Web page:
Sometimes a website is not needed. In some cases Facebook or Tumblr work well for what is needed perhaps Weebly for a simple but attractive brochure site, or Joomla for a portal site. However, I prefer to use WordPress as a Content Management System (CMS) as it is intuitive for clients and is flexible enough to cater for almost every website I have built .
In the beginning there was…
Launched in 2003, at first, WordPress was a simple yet competent CMS for blogging purposes.
Up until a few years ago, many Web designers still thought of WordPress as a CMS mostly used for blogs, personally I prefered to use Joomla or MODX for other types of website. Now, however, this has changed. WordPress is capable of acting as the backbone for all kinds of different websites. It’s now used by names as big as Samsung, Sony and RollingStones.
Here Im going to elaborate why I chose to use WordPress as a CMS for clients:
1. WordPress has 100s of built in features
WordPress is as easy as it has always been. The “Back end” is pretty much the same as it has always been but the WordPress core features have grown exponentially. Keeping its ease of use, WordPress now is packed full of features for media, layout, text and fonts without taking away the usability
Cleaver enhancements continually rolled out in WordPress updates create a great CMS for all types of websites, and not merely a solid blogging platform.
2. An easy Learning Curve
I normally describe creating posts in WordPress as “writing a complicated email” I have taught self proclaimed technophobes how create new pages and posts, adding images and text in the format that they like.
Users can administrate their website knowing the very basics but once they master the basics they can turn their attention to other functionality such as changing the menu or adding plugins.
3. WordPress is easy to monetize
Whether you are selling products directly from your site, or monetizing with ads and affiliate offers, WordPress makes it easy.
Ads are easily inserted using widgets and eCommerce can be handled by a range of plugins including the popular WooCommerce.
4. There are some superb plug-ins
There are so many quality plug-ins for WordPress that you’d be hard pressed to think of any functionality you cannot quickly add to a WordPress site.
Best of all, you can usually find a free plugin to do most things perfectly well. Furthermore, most plugins are downloaded, installed and configured in a matter of minutes. WordPress’ emphasis on ease-of-use seems to have rubbed off on the plug-in writers!
5. Continuous updates
As WordPress is so popular, work on the platform never stops. While this sometimes means that keeping on top of updates feels like a never-ending job, it also makes for a system that’s constantly evolving and improving, with new functions being added all the time.
6. Support is second-to-none
As you would expect from such a popular platform, the support community is active and huge. Aside from the dedicated WordPress support resources, you’ll find an abundance of third-party forums and other options for assistance. If you have any question at all, you can be pretty sure that somebody has already answered it somewhere. eg wordpress How do I add a page to the menu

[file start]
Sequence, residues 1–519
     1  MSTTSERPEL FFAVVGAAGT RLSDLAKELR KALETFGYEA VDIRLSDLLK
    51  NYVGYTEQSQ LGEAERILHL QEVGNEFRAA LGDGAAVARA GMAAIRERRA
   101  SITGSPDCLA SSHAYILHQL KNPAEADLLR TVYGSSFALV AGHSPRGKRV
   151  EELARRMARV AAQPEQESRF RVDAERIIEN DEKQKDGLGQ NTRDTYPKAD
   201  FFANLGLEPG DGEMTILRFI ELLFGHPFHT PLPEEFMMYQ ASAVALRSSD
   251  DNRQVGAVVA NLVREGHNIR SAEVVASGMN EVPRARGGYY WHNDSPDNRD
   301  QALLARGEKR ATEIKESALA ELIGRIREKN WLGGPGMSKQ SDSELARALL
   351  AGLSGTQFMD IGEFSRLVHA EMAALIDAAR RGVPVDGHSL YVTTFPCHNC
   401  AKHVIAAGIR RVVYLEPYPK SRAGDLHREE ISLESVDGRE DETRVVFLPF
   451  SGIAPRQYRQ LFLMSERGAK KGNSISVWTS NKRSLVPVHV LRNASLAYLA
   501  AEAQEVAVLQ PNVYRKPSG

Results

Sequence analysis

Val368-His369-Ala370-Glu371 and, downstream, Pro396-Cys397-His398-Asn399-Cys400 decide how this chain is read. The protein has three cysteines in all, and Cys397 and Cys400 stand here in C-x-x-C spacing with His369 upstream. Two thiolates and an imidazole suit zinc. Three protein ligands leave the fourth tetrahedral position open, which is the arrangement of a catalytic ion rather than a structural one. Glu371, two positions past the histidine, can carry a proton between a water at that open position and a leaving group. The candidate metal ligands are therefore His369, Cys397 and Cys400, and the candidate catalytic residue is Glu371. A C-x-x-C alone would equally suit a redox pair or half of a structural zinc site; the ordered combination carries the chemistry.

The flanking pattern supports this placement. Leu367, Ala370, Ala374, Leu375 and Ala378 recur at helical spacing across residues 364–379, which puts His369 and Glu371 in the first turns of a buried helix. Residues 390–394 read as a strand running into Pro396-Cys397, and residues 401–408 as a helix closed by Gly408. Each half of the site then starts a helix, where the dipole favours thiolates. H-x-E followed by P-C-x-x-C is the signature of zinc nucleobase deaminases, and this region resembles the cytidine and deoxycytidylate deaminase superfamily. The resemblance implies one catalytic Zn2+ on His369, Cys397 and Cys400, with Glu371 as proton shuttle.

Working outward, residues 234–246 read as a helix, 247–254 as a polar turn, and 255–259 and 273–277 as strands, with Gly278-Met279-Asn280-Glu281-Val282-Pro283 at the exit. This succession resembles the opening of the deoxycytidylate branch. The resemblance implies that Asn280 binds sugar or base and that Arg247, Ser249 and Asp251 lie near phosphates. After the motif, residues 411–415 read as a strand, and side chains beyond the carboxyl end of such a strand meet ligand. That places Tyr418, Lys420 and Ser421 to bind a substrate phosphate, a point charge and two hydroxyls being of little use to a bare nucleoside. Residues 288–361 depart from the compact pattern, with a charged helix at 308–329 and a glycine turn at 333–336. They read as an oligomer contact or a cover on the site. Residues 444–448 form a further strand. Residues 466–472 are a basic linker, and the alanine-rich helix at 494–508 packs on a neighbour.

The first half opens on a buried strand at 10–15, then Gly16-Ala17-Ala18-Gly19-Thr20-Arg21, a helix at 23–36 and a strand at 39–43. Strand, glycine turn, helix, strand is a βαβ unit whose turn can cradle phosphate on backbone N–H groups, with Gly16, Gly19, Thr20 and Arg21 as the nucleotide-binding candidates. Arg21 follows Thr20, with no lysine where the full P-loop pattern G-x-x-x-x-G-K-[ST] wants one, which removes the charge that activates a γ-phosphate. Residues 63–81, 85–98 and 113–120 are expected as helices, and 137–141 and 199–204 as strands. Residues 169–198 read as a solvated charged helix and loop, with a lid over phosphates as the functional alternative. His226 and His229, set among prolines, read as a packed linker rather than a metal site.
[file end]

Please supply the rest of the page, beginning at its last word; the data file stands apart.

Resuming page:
7. SEO is made easy
WordPress is inherently quite SEO-friendly, with features such as the ability to automatically generate search-friendly URLS, but with the addition of a couple of plugins, such as the Google XML Site Map and the Yoast WordPress SEO, you can force yourself to maintain good SEO discipline, giving your site the best chance of good search results.
8. WordPress remains the best blogging platform
We’ve left this point until last as it does no harm to remember that WordPress started out as a pure blogging platform.
It remains a great (if not the greatest) blogging platform around. WordPress is a great choice for a new website and an obvious choice for a new blog.
WordPress.COM or WordPress.ORG?
While we’re discussing WordPress, it’s important to note the distinction between WordPress.COM and WordPress.ORG.
WordPress.COM is a hosted blogging platform. It’s completely free to use, and it’s easy to get started. However, your website will have an address like www.yourpersonalblog.wordpress.com
There are also various restrictions to WordPress.COM blogs. Although you can use affiliate links to make money promoting products, you are not allowed to place banner ads or sign up to third-party networks such as Google AdSense.
In addition, WordPress.COM restricts you from using advanced (premium) themes and limits the number of plug-ins you can use. It should be seen as a “starter pack” and not as the foundation for a major Web project.
WordPress.ORG uses exactly the same framework but is installed on your own Web hosting space. A WordPress.ORG blog is completely your own, and you are free to sell advertising and use it exactly as you wish.
For the reasons above, if you are serious about your blog, I recommend that you sort out your own hosting and Web space and use WordPress.ORG. If your blog gets successful, you last thing you want to do is have to think about migrating it before you can make any money from it.
If you’ve yet to try WordPress, we seriously recommend you give it a go. If it’s been a while since you worked on a website, you will find what you can do with such a simple interface truly staggering.